In America, one of a citizen’s most important rights is the right to vote. Each vote has an impact, but not all eligible citizens are registered or have easy access to vote: nearly 2 million eligible Americans didn’t vote in the 2016 elections. Fortunately, campaigns, nonprofit organizations, and advocacy groups undertake tremendous voter mobilization efforts to boost registration rates, especially in the time leading up to critical elections. For instance, Stacey Abrams’s Fair Fight Action sent over a million text messages and more than half a million phone calls leading up to Georgia’s Senate run-off elections.
Efforts to get out the vote (GOTV) are crucial to a strong democracy. Helping even one eligible voter to vote can make a tremendous impact. One voter who reaches out to their network of friends and family members can kick off a chain of voter registrations. After all, this method of outreach (called relational organizing) can make someone 8x more likely to opt-in to an organizing event and 6.5x more likely to sign a petition.
Groups that are looking for the most effective ways to boost voter mobilization should follow these points:
1. Remind voters of election times.
One of the simplest ways to boost voter mobilization is simply to inform eligible voters of an upcoming election. Most voters are aware of major elections, like the presidential election, but are less likely to be informed about local elections. City council elections and mayoral elections have as much impact on constituents as presidential elections, but only 27% of eligible voters participate in local elections. Local elections can happen in years between presidential and midterm elections, so voters may miss an election if they aren’t informed of when to vote. Simply sharing information about local elections is one of the best ways for groups to mobilize a community.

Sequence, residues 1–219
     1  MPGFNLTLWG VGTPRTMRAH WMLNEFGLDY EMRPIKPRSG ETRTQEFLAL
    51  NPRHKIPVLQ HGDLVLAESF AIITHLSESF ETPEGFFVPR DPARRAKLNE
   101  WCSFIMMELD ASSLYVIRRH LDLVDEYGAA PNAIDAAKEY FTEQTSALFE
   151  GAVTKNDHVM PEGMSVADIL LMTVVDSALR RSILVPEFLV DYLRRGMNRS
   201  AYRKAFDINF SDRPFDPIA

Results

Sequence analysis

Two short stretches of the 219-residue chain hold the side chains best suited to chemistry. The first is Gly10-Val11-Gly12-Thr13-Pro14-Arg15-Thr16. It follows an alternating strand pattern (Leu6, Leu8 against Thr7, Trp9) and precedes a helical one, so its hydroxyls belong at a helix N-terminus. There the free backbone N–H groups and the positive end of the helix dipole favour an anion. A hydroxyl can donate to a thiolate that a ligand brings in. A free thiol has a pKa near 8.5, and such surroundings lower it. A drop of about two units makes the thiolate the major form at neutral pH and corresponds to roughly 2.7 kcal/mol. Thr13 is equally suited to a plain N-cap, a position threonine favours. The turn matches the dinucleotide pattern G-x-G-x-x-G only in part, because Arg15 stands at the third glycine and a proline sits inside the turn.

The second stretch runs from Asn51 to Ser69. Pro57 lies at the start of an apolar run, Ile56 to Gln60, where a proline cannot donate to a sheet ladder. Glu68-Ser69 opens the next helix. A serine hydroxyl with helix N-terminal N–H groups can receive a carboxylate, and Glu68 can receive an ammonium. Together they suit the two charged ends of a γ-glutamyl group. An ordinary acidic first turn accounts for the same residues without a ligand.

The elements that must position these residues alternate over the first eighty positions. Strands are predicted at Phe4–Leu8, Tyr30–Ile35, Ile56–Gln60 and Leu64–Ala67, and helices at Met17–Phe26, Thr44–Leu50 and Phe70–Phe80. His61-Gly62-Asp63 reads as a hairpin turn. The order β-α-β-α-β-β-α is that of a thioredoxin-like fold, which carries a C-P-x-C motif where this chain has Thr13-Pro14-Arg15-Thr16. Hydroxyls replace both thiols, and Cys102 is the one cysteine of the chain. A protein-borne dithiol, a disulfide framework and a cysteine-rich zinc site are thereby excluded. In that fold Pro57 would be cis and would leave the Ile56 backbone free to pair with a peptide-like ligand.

2. Personalize messages to voters.
When speaking to eligible voters, volunteers may find more success by having personalized conversations with potential voters, rather than pushing a candidate or specific issue. There are many reasons why an eligible voter may not vote, and the best way to support an eligible voter is to hold an open conversation and answer any questions they may have about the voting process. Efforts like these are more impactful for voter mobilization than one mass email.
3. Conduct outreach to Limited English Proficiency voters.
Scores of eligible voters across the country don’t speak English as their first language. A language barrier during elections can increase the challenges a voter faces, even with language access rights. In the 2018 midterm elections, volunteers in Brooklyn mobilized voters by creating a sample ballot to ease the voting process for Arabic-speaking Limited English Proficiency voters with great success. Helping Limited English Proficiency voters can make a great difference in flipping Republican-held congressional and state senate districts.
4. Help voters make a plan.
Voting can be a challenge for voters who lack the information to make a voting plan. This can be especially true for communities of color. In fact, 15% of African American and 14% of Hispanic survey respondents said they had difficulties locating polling places on Election Day. Additionally, voters in some states may not know that they have the right to take time off to vote if they can’t make it to polling locations during work hours. To improve voter mobilization, volunteers can empower voters by helping them plan where to go to fill out their ballot, or when to schedule time off on Election Day.
5. Speak with low-propensity voters for more impactful voter mobilization.
High-propensity voters turn out for every possible election. On the other hand, low-propensity voters are generally less likely to vote in elections other than the presidential election. Groups that target high-propensity voters over low-propensity voters can inadvertently create inequality. By failing to reach out to voters who are less likely to participate in all eligible elections, they miss opportunities to reach out to historically disenfranchised communities. As high-propensity voters don’t need as much outreach to vote in an election, volunteers should instead invest time in reaching out to low-propensity voters to boost voter mobilization.
Sometimes, elections can come down to a slim margin: Senator Tina Smith of Minnesota, won her re-election campaign by a margin of 170,000 votes. With Impactive, organizers for Smith’s campaign contacted over 100,000 voters who hadn’t returned their ballot yet. The efforts of a few hundred organizers who helped to get out the vote may have changed the outcome of an election.
By personalizing messages, informing voters in their native languages, and helping every voter make a voting plan, groups that engage in GOTV can increase voter mobilization and empower voters to shape their representation.